Vincenzo Agnetti

It is often thought that Italian art is impervious to conceptualism, that this completely mental and logical attitude has no place in our tradition. The first large survey show of the work of Vincenzo Agnetti (1926–1981), curated by Achille Bonito Oliva and Giorgio Verzotti, contradicts this idea and at the same time affirms that Italian conceptualism is indeed a sort of anomaly. A visual poet and critic, traveler, and close friend of Piero Manzoni, on whom he wrote texts of fundamental importance, Agnetti began in 1967 to try his hand as an artist, with works that cannot help but be defined as conceptual. Macchina drogata (Drugged Machine), 1968, is a mechanical calculator whose numerical keys print out letters by chance; Progetto per un Amleto politico (Project for a Political Hamlet), 1973, is an installation centered around a platform from which the artist declaimed only sequences of numbers; Libri dimenticati a memoria (Books Forgotten by Heart), 1969, are volumes from which every page of text has been cut away. But his most numerous and famous series of works are the so-called Bachelitie, Bakelite pieces, officially known as “Assiomi” (Axioms), 1968–71, and the “Feltri” (Felts), 1968–81, works in which these materials provide the support for texts that typically have a poetically oracular aspect—for example, CHI ENTRA ESCE (whoever comes in goes out), and QUANDO MI VIDI NON C’ERO (when you saw me I wasn’t there)—demanding an involvement that depends on an unstable and mutable encounter between logic and intuition. His work is thus a betrayal of conceptual-art “statements” of a logical-linguistic type. The intonation of the word—or even of numbers, another favorite theme of Agnetti’s—can transform, for instance, an arid printout of figures (in Progetto per un Amleto politico) into a loose, variegated flow of meaning. Meaning is conferred on the linguistic code only by speech, which, thanks to intonation, contradicts the apparent fixity of meaning, delving within it to carve out a subversive expressive niche. Agnetti counterpoints the accepted combinatorial sequence of the ten Arabic digits—1234567890, repeated obsessively—with an aleatory tone that undermines the apparent absoluteness of the number.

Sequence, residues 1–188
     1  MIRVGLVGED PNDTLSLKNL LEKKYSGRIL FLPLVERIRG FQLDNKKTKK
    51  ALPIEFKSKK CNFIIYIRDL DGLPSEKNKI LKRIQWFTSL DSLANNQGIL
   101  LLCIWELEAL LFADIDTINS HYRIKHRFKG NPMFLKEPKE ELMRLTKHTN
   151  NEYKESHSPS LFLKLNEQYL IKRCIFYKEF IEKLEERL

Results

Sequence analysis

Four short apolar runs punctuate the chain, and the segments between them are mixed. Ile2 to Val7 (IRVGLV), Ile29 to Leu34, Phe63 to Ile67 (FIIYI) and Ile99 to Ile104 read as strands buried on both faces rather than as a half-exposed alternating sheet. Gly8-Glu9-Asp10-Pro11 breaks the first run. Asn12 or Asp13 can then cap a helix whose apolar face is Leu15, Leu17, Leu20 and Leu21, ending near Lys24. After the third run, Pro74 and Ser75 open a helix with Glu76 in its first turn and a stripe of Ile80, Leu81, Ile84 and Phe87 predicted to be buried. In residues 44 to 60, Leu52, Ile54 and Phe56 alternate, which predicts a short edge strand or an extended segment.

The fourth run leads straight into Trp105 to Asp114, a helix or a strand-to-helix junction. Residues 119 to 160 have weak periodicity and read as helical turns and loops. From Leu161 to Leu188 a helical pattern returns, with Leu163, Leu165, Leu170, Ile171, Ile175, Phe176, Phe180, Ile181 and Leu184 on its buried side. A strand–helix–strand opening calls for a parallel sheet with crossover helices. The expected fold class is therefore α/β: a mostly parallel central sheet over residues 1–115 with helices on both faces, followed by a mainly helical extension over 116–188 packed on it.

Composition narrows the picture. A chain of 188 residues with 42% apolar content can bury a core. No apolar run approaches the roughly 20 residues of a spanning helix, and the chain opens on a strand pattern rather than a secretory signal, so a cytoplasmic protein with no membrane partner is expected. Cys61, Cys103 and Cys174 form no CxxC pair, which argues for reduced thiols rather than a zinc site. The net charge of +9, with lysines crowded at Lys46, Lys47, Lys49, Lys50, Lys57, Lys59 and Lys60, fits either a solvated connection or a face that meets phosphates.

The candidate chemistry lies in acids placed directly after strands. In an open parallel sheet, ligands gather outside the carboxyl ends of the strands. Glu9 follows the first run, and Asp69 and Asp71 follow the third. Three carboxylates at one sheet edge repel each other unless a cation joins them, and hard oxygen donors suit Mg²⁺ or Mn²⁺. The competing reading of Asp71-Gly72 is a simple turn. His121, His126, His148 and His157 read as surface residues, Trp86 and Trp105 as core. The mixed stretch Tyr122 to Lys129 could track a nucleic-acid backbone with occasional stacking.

It is this betrayal that triggers the process of “forgetting by heart”; as in an Eastern mantra (or in the recitation of the Catholic rosary), the repeated word or number loses significance, becomes confusion or ecstasy, something hardly more defined than a hypnotic sound. Forgetting is a mental process, like remembering, but with an additional step, abandoning what has already been committed to memory; to the work of reason it mixes in feeling.

Agnetti accentuates the characteristics that are considered essential to linguistic systems in order to demonstrate the mutability of the boundary between complete fullness of meaning and its total lack. He does not renounce the word but uses it as a sort of scrittura scenica, “staged writing,” to borrow a phrase from the great actor/director Carmelo Bene—one that lies between languages, and which therefore inaugurates a new kind of artistic consciousness, far from the mania of definition typical of modernity. Instead, the artist is in search of possibilities neglected even by the most well-known conceptual art, thanks to its bias toward clarity, certainty, and definition.

Marco Meneguzzo